A New Day in Healthcare - Part One

     Recently, a co-worker told me the story of her mom’s death. It was heartbreaking.  All deaths have an element of sadness to them, but not all feel tragic like hers did. My co-worker’s mom was diagnosed with a very aggressive form of cancer in December several years ago. The doctor ordered curative treatments and kept her mom in the hospital through January. Finally, in early February, my co-worker (an RN) asked the doctor if he believed this treatment would work. Would it cure her mom? He said, “No, but he wanted to do everything he could for the patient.” Almost immediately, the patient’s daughter decided to have some difficult conversations with her mom. She asked her, “Do you want to stay in the hospital and try these curative treatments or do you want to come home and receive comfort care and support?” Her mom chose to go home. She died a few weeks later. The story was told to me with a great deal of emotion. Losing her mother was sad, but missing out on those crucial weeks while her mom was in the hospital felt tragic. I was told, “No one knew if my mom would choose curative treatment at the hospital or comfort care at home, but what really mattered is she had a choice, and that was significant.” Before her daughter’s intervention, the patient had not been informed about all of her options. If she did not have a daughter familiar with multiple health care options, she might have continued with aggressive treatments until she died in the hospital. Her story is a very common one. 
    
Most polls show that around 65% of Americans want to be taken care of at home when or if they have a serious illness, and the same number want to eventually die at home. The reality is this happens around 43% of the time. Those numbers reflect a huge gap between what people want and what people are receiving. So what can be done? Most people are familiar with the hospice concept. However, most people are not familiar with palliative care. Palliative Care means “relieving pain or alleviating a problem without dealing with the underlying cause.” Hospice care is a type of palliative care. Hospice is end-of-life palliative. Today, a trend is growing in health care and society. Palliative care (pain and symptom management) is working parallel with curative treatment. For someone like my co-worker’s mother (and the millions like her), she would not have to choose BETWEEN curative and palliative, but have both. Specialists can do their best to cure the cancer or treat the heart failure while palliative professionals expertly treat the pain, anxiety, and other problems these advanced diseases cause while communicating the realities of treatment to patient and family.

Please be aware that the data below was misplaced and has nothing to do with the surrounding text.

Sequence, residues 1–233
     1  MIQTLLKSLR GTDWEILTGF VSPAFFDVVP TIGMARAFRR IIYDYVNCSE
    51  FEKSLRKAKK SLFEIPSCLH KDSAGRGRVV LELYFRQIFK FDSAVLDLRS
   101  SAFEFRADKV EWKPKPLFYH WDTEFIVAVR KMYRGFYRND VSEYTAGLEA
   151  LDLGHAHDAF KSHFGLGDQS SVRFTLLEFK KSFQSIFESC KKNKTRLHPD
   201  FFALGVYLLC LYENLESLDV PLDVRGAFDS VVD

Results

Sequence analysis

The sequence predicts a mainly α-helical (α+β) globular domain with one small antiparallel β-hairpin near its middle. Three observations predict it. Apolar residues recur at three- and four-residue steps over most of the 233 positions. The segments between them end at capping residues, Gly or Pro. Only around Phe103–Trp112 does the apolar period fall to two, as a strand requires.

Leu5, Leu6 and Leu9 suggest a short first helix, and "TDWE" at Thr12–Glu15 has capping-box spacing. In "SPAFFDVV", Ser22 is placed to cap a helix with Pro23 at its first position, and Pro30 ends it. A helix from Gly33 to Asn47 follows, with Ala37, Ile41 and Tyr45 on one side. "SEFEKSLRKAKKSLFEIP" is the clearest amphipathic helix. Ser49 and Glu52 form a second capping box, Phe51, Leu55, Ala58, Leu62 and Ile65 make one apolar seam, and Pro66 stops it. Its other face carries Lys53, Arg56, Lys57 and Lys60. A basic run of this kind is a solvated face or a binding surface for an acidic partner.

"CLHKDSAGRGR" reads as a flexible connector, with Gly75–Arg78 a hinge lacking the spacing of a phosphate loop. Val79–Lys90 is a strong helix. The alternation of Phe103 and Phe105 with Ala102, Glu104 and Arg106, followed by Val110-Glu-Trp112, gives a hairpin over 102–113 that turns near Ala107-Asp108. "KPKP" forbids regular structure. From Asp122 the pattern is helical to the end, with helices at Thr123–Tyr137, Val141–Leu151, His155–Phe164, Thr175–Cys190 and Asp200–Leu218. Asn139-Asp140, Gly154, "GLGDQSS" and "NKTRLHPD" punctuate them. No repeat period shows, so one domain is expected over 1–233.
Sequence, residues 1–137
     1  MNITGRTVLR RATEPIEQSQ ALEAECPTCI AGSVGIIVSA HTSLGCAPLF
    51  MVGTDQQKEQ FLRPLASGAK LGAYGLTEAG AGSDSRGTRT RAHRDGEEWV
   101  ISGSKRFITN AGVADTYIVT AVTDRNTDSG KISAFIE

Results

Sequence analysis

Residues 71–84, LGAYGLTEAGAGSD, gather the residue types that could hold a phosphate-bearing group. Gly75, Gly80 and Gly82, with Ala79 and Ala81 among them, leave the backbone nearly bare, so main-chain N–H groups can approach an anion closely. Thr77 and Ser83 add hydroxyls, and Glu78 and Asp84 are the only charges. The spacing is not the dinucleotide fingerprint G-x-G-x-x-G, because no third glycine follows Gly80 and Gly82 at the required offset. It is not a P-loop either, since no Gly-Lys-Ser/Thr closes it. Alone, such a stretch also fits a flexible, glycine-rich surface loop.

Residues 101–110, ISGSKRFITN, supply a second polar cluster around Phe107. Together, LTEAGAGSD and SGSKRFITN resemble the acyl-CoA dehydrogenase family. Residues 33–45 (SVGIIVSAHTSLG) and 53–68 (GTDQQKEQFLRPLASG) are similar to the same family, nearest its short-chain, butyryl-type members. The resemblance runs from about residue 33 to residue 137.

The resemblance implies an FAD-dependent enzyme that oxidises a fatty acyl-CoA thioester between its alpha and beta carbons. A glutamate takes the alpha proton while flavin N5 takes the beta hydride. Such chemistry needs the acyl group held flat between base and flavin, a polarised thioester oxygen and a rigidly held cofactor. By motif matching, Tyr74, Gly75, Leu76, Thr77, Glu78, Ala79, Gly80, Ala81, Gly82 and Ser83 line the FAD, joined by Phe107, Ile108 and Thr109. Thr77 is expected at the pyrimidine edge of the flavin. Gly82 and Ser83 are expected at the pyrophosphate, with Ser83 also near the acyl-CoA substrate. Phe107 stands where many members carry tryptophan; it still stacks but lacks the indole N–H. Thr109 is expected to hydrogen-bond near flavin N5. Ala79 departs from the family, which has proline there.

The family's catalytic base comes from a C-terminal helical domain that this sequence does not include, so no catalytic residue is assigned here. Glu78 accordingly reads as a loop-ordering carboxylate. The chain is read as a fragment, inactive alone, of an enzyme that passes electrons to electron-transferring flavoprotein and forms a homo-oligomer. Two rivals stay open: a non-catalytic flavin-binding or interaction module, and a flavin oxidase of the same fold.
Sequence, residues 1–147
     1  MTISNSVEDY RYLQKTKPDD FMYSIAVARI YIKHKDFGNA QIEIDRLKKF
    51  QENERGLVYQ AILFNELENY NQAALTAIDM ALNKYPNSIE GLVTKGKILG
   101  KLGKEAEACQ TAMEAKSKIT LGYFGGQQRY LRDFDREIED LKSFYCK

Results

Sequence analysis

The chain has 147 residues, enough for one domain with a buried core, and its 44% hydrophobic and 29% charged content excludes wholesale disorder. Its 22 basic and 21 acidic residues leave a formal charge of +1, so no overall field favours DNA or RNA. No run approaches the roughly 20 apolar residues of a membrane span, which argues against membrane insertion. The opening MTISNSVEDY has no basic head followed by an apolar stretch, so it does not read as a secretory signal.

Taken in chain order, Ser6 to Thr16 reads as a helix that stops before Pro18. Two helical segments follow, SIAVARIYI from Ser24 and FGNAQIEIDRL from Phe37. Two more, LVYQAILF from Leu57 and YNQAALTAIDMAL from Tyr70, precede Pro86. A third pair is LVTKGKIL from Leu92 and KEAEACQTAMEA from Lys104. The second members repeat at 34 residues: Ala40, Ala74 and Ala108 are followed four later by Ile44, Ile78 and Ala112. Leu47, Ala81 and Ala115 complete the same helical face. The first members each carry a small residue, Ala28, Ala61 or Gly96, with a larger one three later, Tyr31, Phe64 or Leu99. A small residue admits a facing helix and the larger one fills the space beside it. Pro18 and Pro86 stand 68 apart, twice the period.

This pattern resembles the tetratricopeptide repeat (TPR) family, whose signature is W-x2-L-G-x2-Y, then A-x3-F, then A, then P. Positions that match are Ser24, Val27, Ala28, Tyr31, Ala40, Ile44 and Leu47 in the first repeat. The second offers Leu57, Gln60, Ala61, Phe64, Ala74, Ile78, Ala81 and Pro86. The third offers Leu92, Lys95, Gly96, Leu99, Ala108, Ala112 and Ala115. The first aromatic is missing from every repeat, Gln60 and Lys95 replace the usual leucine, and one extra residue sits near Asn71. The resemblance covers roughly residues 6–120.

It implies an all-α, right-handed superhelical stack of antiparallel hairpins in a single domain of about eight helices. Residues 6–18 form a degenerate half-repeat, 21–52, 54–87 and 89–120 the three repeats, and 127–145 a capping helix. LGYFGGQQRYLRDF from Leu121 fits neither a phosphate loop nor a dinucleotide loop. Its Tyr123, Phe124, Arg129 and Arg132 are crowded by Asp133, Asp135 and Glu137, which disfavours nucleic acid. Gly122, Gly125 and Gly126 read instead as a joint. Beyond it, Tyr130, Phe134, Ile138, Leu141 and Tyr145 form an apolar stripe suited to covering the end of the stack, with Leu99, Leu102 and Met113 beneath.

The figure below helps communicate the changes that are coming in health care. Notice the Palliative Care starting in conjunction with the “Life-Prolonging Care”. Palliative Care generally increases over time as the advanced illness progresses. Eventually palliative care shifts into hospice or end-of-life palliative. 

Unfortunately, there is a very real gap in our health care system. Many people with advanced, chronic illnesses (especially the elderly and handicap) are caught in a vicious cycle. In the “old” system they have no choice but to receive curative treatment until they qualify for hospice (a terminal six-month terminal diagnosis). What if the patient needs quality pain and symptom management WHILE receiving curative treatment? Well, you can’t currently do that while in hospice. Today, it’s either hospice or curative. What if you are nearing the end of your curative treatments, but you do not qualify for hospice? What fills that gap for the chronically ill who are not considered six months terminally ill? Obviously, I believe the answer is highly funded, quality palliative programs which work collectively with local hospitals, home health agencies, hospices, family physicians, and other healthcare providers.  
   
 The bad news is there is no formal structure that receives reimbursements from Medicare/Medicaid to provide this crucial type of care. The good news is that is all changing. Pioneers in Florida, California, and other states (soon to be Oklahoma...specifically Norman!) have started Palliative Programs without any outside funding. I know of groups who have lost money doing this. Over and over I have heard them say they “are not providing palliative care for financial reasons, but it is the best thing to do for our community, and that’s what matters.” They are right. The reality that people have to choose between curative AND palliative care is mind-blowing; the current health care gap that exists for those with advanced illnesses is tragic. In twenty years this will seem absurd to society, but for us to get there, changes will need to be made today.